Two former top Goldman Sachs executives must testify in one of the biggest gender-discrimination cases in Wall Street history, a federal judge ruled. U.S. Magistrate Judge Robert W. Lehrburger on Tuesday denied a move by the bank to block pre-trial depositions of former Chief Executive Officer Lloyd Blankfein and former President Gary Cohn, ruling in favor of a group of women who claim they were denied equal pay and promotions by the bank. The case is Chen-Oster v. Goldman Sachs & Co., 10-cv-06950, U.S. District Court, Southern District of New York (Manhattan).
What they knew is important because, as the plaintiffs point out, the buck stops there, Lehrburger said, delivering his ruling at the end of a telephonic court hearing. Lehrburger said he will decide after the Blankfein and Cohn depositions are taken whether the women can also take testimony from Goldman’s current chairman and CEO, David Solomon. We are looking forward to providing our perspective on this matter, and remain confident that we will prevail in court, said Maeve DuVally, a spokeswoman for Goldman. Blankfein served as chairman and CEO from 2006 to 2018. Cohn was president and chief operating officer from 2006 to 2016, when he left Goldman to serve as President Donald Trump’s top economic adviser.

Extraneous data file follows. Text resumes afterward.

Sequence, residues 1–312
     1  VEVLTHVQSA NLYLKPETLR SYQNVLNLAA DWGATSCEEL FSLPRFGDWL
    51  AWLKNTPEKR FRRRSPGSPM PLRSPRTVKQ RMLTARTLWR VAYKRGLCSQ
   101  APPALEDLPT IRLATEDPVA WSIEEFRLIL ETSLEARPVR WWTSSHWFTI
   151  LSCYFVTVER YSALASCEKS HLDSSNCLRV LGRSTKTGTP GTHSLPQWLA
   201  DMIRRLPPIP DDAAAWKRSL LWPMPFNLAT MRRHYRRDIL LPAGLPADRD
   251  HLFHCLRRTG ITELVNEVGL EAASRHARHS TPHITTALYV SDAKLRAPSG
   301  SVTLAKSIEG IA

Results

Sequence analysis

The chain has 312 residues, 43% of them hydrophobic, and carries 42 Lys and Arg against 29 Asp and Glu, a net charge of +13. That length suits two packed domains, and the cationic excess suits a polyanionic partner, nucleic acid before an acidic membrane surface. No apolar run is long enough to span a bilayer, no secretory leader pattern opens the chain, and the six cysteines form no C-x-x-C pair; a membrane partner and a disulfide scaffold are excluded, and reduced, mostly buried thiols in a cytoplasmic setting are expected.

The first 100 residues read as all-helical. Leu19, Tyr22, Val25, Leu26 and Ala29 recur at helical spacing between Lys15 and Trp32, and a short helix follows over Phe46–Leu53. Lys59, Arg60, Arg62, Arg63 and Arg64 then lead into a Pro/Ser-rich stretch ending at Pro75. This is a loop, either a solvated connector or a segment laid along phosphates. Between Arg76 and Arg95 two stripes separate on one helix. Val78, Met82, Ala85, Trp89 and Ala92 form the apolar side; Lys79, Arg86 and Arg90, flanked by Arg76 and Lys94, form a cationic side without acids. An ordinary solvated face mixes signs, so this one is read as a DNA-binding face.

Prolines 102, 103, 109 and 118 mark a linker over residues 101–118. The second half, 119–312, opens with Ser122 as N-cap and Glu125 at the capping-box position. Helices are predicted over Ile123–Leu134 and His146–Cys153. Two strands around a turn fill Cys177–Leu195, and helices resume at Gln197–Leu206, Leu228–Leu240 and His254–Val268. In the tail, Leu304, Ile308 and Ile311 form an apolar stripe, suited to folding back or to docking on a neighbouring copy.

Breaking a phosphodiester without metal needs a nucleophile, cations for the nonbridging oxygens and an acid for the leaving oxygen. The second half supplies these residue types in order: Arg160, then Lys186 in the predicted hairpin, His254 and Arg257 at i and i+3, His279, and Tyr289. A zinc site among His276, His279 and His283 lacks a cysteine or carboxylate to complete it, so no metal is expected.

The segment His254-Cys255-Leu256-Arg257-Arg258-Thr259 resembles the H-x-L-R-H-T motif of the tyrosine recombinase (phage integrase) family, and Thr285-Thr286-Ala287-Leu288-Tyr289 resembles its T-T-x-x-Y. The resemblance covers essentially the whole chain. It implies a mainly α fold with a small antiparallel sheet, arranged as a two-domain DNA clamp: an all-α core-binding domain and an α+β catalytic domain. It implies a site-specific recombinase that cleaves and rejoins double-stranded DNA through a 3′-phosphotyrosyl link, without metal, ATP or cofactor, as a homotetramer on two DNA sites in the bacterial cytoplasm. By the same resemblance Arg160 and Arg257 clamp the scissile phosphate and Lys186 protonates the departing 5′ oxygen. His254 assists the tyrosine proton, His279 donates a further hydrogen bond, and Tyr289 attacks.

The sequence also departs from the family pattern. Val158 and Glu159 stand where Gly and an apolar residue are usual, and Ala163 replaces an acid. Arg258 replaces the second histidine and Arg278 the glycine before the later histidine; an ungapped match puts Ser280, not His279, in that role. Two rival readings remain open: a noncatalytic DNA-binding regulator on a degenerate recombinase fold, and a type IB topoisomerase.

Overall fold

The suit was filed in 2010 by former employees who claimed that Goldman made biased compensation decisions and denied women opportunities they had earned. Lehrburger ruled in 2018 that the case could go forward as a class action on behalf of more than 2,000 women, increasing their leverage in the case, he then ruled in March that about 1,000 of the class members must pursue their claims in arbitration against the bank. Robert Giuffra, a lawyer for Goldman, told Lehrburger that Blankfein, Cohn and Solomon lacked unique knowledge of the policies at issue in the case and shouldn’t be forced to testify, he claimed lawyers for the women sought their depositions “for their press value, for their harassment value, for their burden value.”
Lehrburger disagreed, initially saying the plaintiffs could question all three under oath for 3 1/2 hours each, later in the hearing he agreed with Giuffra to delay ruling on Solomon until the others had testified.